By about 5:30 in the evening, the guest of honor at this fundraiser had let on that he wasn’t feeling well and wasn’t sure he could make it until the end of the night to perform his set. No one could blame him. A month ago, blues guitarist Rhett Tyler spent five days in the ICU suffering from complications related to Lyme disease. Although he was eventually released and sent home to recover, that recovery has been slow and several gigs had to be cancelled. And the lost income has only compounded the problem that paying his hospital bills presents.
The hospital bills were “astronomical,” according to his website manager, and like most musicians, Rhett doesn’t have insurance to cover all the expenses. There are some options for musicians to get insurance, but none of them could be classified as affordable. Like anyone else in a time of crisis, Rhett turned to his friends for help, including Roxy Perry. Roxy did what Roxy always does: she rose to the occasion and rallied the blues community around a cause.
Roxy enlisted the help of Brian Remaley, owner of Brian’s Backyard BBQ in Middletown, to host a fundraiser for Rhett. Brian has long been a friend to the blues community downstate, and his restaurant has been a favorite room for blues musicians since he opened last January. The circle of musicians that Rhett, Brian and Roxy count as friends is immense and made up of equal parts talent and love, enabling them to put together a line-up for the fundraiser that would rival many blues festivals. The roster of performers included Slam Allen, Bobby Kyle, Todd Wolfe, Michael Packer, Lex Grey & the Urban Pioneers, Angel Rissoff, Billy Foster, the Russ Gurney Band and Nick Bukuvalis, as well as dozens of others who showed up to jam and support the cause. Even Les Paul’s son Rusty and Popa Chubby were in attendance.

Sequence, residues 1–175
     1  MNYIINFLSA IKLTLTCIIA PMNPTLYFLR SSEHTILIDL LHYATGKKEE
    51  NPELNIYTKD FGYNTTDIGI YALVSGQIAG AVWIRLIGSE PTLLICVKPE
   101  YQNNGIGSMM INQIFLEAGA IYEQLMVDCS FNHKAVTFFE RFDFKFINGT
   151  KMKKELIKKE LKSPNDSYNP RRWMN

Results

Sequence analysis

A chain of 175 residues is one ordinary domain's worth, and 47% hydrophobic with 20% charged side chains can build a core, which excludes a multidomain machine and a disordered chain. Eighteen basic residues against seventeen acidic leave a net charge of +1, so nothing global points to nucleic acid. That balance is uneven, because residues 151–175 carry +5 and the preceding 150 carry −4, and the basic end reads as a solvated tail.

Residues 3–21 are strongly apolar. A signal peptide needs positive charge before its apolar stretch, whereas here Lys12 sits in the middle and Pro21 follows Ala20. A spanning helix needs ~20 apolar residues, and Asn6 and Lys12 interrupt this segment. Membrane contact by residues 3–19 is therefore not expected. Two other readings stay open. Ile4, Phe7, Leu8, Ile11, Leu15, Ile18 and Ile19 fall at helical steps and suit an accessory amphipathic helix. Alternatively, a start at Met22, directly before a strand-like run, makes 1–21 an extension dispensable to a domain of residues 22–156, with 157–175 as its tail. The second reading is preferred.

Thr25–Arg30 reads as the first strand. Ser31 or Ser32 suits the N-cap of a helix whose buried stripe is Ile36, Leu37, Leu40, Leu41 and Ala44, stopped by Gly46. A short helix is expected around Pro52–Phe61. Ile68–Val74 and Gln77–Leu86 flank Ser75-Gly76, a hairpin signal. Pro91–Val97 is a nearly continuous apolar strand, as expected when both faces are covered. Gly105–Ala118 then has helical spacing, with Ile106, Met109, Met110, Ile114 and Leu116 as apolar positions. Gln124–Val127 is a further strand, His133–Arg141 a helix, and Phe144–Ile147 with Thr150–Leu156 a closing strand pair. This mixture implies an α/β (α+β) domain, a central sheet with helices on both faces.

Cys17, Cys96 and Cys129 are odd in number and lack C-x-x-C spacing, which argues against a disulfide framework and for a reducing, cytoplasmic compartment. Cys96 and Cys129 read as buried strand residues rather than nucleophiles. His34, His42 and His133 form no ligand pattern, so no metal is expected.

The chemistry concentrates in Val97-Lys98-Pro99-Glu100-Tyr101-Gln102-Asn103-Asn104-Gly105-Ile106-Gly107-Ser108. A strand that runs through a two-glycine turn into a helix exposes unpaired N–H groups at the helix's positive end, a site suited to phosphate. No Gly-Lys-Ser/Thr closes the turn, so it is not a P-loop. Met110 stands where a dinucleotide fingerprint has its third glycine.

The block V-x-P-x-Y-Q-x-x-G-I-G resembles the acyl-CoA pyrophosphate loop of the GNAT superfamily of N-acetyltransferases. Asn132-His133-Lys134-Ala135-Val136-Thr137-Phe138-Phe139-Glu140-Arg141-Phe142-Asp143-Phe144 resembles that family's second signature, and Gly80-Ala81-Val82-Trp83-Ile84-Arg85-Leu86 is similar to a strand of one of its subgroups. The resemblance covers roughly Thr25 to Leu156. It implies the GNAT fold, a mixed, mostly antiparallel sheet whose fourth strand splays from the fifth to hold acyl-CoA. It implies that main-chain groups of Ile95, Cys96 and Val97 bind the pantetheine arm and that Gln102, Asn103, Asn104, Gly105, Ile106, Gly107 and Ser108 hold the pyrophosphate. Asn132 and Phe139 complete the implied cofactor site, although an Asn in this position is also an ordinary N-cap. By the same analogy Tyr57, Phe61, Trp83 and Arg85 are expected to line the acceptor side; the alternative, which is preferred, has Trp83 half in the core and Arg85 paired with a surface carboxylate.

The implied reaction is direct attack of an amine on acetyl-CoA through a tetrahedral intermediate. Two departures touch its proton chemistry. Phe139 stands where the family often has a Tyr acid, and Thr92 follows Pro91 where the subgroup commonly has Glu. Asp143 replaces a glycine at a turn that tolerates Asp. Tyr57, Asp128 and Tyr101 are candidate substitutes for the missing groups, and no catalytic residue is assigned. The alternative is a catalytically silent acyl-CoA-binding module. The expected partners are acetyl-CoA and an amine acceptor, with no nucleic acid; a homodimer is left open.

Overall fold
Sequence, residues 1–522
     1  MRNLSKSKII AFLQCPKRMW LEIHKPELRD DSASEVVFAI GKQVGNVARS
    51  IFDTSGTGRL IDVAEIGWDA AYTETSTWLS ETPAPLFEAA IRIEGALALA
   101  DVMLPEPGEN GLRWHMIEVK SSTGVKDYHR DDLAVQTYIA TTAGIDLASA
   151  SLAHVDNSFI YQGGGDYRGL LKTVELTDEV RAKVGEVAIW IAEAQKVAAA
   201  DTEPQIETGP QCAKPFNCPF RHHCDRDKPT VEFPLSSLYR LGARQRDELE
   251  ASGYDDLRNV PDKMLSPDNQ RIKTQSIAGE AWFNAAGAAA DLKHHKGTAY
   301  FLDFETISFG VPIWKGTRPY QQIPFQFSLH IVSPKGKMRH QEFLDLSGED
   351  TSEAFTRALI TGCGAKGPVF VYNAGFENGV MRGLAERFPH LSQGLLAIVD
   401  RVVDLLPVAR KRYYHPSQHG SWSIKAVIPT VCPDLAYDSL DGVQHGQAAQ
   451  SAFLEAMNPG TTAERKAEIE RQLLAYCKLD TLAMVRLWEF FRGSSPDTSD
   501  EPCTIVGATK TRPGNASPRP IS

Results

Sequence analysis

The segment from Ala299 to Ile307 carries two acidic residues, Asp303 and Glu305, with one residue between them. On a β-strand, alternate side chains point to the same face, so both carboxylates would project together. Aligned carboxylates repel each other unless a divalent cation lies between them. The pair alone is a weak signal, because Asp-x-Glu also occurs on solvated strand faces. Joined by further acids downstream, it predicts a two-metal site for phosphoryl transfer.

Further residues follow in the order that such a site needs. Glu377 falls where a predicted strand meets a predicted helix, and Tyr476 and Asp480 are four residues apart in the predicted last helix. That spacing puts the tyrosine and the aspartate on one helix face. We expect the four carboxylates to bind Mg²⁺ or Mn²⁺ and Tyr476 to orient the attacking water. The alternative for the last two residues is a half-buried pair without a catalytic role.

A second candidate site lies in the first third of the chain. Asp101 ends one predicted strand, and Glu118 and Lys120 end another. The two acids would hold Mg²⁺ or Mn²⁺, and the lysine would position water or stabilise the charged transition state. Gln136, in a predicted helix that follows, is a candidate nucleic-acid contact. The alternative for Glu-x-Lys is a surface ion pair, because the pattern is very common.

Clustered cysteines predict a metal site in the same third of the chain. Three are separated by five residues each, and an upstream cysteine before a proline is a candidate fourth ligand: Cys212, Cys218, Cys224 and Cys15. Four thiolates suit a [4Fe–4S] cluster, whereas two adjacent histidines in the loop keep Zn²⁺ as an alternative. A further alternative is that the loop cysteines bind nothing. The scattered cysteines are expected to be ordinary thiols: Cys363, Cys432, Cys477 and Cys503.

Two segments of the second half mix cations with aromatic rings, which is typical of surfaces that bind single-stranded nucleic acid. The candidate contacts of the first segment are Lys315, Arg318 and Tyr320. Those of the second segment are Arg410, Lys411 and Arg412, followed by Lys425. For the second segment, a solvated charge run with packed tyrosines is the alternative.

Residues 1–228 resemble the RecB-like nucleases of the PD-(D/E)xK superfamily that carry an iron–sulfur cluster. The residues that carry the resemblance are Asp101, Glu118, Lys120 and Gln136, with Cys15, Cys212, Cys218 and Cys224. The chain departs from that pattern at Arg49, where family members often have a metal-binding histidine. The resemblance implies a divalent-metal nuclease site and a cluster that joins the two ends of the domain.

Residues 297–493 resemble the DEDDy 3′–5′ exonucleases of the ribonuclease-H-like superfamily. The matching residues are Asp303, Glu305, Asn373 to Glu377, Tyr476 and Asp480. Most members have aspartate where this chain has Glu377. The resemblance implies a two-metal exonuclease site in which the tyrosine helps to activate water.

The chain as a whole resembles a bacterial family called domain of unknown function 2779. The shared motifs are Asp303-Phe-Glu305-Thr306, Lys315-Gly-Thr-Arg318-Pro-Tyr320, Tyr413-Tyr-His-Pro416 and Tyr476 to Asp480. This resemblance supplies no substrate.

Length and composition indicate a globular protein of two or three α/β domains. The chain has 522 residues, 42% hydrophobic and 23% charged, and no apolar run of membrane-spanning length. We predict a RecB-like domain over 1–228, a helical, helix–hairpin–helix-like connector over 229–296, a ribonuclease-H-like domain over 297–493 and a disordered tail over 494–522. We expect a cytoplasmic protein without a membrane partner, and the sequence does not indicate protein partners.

By 6pm, Roxy had changed the schedule up so that Rhett would have a chance to play before fatigue would get the better of him, and shortly she was fronting the band on vocals and harmonica, with Rhett on guitar. Rhett’s friendship with Roxy goes back to the ’70s, and their ease with each other showed on stage. Rhett no longer seemed tired. He smiled frequently and played as well as anyone else had that day.
By 6:30pm, Rhett had launched into his funk’n’ rock-soaked version of “Crossroads” with such intensity that no one could have guessed a month ago Rhett wasn’t sure how long he was going to live. Roxy and the house band had left the stage, leaving Rhett with his own rhythm section and a custom made double-neck Stratocaster. He played the funky riff on the 12 string neck, switching to the 6-string for the solos, singing and playing with the same power and intensity that has impressed audiences at clubs and blues festivals for years. The message was clear: this is not a man who’s going anywhere soon.
Rhett responded to the standing ovation by showing his friends and fans the same love in return, saying “It was your love and prayers that got me here today. Roxy’s the best, this place is the best, and I want you to know how much I love and appreciate you.” Rhett only played one more song before leaving the stage to another standing ovation, with Roxy stepping to the microphone to put into words the emotions of the entire room: “The vibe is here, the love is here, it’s like blues church.”
A lot of money was raised through the $15 cover charge and a donation jar, but Rhett still has a long way to go. Anyone who would like to make a contribution can send checks to: Rhett Tyler, 171 Oak Hill Road, Hudson, NY 12534.
Review and photograph by Eric Gleason